It will be interesting to see how Yahoo works with Tumblr to reposition itself over the coming months. Clearly Tumblr’s power lies within the insight it can provide and if this data is used wisely, we could see Yahoo returning to 'darling' status once more. Don't be swayed by city commentators reflecting on the tech sector massacre in 2000, because the real success story here is not, as you might expect, the start-ups getting acquired or even the big players realising they need more than scale and brand loyalty to succeed; it’s arguably the wider tech industry. Where once software ruled; industry is now moving towards a more customer centric view of the world, using data to intelligently understand audiences and their needs in a super-fast, connected planet. This programmatic shift is one that is arguably more impactful and will drive business to the next level.

Rupert Staines is European Managing Director at RadiumOne

Marissa Mayer. Photograph: Getty Images

Rupert Staines is European Managing Director at RadiumOne

Ukip's Nigel Farage and Paul Nuttall. Photo: Getty
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Is the general election 2017 the end of Ukip?

Ukip led the way to Brexit, but now the party is on less than 10 per cent in the polls. 

Ukip could be finished. Ukip has only ever had two MPs, but it held an outside influence on politics: without it, we’d probably never have had the EU referendum. But Brexit has turned Ukip into a single-issue party without an issue. Ukip’s sole remaining MP, Douglas Carswell, left the party in March 2017, and told Sky News’ Adam Boulton that there was “no point” to the party anymore. 

Not everyone in Ukip has given up, though: Nigel Farage told Peston on Sunday that Ukip “will survive”, and current leader Paul Nuttall will be contesting a seat this year. But Ukip is standing in fewer constituencies than last time thanks to a shortage of both money and people. Who benefits if Ukip is finished? It’s likely to be the Tories.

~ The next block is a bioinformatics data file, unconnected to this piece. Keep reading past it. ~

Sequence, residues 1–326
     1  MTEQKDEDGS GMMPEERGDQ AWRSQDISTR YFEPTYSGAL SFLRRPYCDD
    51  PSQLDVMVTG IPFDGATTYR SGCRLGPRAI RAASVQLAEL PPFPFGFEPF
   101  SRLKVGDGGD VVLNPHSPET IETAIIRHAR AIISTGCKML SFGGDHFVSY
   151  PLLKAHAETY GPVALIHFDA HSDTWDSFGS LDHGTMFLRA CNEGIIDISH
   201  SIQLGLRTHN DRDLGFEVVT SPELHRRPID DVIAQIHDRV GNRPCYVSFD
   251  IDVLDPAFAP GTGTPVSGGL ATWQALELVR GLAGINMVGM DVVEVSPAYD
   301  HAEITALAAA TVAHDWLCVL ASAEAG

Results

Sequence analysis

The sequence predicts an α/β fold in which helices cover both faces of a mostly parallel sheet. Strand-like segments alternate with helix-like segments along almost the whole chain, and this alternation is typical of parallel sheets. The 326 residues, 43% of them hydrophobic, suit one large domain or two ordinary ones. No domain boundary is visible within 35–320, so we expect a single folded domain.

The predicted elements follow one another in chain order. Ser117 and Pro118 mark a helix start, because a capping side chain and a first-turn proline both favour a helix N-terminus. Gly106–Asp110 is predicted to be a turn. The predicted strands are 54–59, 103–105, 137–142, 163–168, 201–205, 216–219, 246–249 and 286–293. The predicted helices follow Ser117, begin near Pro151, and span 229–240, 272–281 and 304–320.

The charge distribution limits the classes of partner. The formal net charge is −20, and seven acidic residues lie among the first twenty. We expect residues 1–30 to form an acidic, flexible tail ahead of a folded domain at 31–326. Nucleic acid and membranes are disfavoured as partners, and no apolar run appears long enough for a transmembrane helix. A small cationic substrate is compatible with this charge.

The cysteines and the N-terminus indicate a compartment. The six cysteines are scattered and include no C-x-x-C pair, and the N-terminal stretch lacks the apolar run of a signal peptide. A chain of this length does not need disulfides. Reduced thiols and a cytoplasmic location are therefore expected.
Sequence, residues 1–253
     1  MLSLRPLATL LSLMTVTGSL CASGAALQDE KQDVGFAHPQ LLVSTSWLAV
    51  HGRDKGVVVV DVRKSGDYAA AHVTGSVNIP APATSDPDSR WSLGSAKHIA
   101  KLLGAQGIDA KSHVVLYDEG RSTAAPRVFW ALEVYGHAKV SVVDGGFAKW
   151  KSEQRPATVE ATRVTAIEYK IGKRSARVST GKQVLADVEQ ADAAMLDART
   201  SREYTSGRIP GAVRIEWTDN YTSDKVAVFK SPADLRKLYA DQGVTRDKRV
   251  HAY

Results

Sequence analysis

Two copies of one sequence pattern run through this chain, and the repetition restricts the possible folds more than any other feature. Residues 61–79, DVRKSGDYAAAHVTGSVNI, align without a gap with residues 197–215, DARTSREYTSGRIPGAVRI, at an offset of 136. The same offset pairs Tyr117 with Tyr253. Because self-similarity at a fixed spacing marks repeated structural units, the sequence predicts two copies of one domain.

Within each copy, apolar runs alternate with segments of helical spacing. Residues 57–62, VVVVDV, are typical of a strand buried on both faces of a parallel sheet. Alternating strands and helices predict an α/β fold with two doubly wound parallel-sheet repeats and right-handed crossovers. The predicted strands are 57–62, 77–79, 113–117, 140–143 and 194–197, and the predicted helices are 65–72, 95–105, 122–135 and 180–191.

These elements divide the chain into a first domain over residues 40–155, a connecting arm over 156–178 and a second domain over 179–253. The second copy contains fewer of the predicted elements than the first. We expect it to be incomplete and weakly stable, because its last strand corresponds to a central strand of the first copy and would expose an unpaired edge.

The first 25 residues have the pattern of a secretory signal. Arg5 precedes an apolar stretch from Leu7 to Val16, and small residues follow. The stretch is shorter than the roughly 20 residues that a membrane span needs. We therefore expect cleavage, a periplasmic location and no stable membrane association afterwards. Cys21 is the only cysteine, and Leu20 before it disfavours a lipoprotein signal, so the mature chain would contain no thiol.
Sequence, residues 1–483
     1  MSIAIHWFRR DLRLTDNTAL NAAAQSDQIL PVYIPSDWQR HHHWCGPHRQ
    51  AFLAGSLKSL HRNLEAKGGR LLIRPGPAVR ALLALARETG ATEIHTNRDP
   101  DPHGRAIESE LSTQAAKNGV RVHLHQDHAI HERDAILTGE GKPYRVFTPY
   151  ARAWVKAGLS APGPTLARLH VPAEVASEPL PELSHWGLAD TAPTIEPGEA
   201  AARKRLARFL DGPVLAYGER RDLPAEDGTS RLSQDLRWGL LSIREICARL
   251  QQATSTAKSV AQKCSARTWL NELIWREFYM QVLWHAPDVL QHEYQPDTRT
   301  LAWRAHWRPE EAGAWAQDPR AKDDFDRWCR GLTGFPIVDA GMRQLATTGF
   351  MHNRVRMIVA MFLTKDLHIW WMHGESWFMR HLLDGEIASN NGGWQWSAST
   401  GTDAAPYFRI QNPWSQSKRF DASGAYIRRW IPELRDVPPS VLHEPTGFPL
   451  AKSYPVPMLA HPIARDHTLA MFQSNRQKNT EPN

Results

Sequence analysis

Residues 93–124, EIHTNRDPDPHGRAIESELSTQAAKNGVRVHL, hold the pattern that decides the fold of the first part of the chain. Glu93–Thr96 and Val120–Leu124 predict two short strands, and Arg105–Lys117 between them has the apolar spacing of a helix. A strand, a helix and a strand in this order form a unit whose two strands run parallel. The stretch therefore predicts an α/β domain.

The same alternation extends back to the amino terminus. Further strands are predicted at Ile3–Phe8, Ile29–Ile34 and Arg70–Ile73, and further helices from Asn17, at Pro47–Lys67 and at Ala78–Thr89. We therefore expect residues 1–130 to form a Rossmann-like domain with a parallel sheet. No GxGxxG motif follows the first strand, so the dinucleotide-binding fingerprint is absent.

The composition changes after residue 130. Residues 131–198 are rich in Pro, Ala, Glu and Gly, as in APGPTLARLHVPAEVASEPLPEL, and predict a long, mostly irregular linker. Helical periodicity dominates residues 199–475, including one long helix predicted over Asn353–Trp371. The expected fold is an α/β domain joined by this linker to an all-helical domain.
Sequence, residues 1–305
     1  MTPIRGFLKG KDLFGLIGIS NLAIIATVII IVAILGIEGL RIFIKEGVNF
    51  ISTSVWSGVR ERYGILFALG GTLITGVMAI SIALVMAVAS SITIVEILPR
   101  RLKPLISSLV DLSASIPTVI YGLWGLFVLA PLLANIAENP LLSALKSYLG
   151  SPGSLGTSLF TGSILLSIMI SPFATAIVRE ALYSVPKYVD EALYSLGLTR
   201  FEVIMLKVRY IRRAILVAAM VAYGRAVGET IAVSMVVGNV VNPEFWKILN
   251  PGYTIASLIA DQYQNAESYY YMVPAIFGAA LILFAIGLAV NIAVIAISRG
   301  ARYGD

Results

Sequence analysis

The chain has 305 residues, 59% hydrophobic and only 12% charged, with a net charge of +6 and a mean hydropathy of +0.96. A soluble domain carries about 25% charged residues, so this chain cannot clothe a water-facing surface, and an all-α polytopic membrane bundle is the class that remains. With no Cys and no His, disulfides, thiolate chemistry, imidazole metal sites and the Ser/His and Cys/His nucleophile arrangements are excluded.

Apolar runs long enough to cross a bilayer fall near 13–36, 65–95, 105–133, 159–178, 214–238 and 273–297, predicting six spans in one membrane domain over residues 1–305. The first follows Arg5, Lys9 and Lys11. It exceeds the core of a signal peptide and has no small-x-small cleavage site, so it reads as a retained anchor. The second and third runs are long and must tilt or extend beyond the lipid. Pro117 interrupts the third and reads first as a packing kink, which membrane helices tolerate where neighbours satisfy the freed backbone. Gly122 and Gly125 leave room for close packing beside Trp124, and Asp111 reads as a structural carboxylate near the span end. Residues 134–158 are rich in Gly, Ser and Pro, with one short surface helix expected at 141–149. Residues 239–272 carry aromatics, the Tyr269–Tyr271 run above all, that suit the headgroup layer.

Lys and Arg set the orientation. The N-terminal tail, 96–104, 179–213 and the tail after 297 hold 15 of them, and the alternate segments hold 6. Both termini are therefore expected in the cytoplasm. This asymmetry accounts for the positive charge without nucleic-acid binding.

Is Ukip finished? 

What are Ukip's poll ratings?

Ukip’s poll ratings peaked in June 2016 at 16 per cent. Since the leave campaign’s success, that has steadily declined so that Ukip is going into the 2017 general election on 4 per cent, according to the latest polls. If the polls can be trusted, that’s a serious collapse.

Can Ukip get anymore MPs?

In the 2015 general election Ukip contested nearly every seat and got 13 per cent of the vote, making it the third biggest party (although is only returned one MP). Now Ukip is reportedly struggling to find candidates and could stand in as few as 100 seats. Ukip leader Paul Nuttall will stand in Boston and Skegness, but both ex-leader Nigel Farage and donor Arron Banks have ruled themselves out of running this time.

How many members does Ukip have?

Ukip’s membership declined from 45,994 at the 2015 general election to 39,000 in 2016. That’s a worrying sign for any political party, which relies on grassroots memberships to put in the campaigning legwork.

What does Ukip's decline mean for Labour and the Conservatives? 

The rise of Ukip took votes from both the Conservatives and Labour, with a nationalist message that appealed to disaffected voters from both right and left. But the decline of Ukip only seems to be helping the Conservatives. Stephen Bush has written about how in Wales voting Ukip seems to have been a gateway drug for traditional Labour voters who are now backing the mainstream right; so the voters Ukip took from the Conservatives are reverting to the Conservatives, and the ones they took from Labour are transferring to the Conservatives too.

Ukip might be finished as an electoral force, but its influence on the rest of British politics will be felt for many years yet.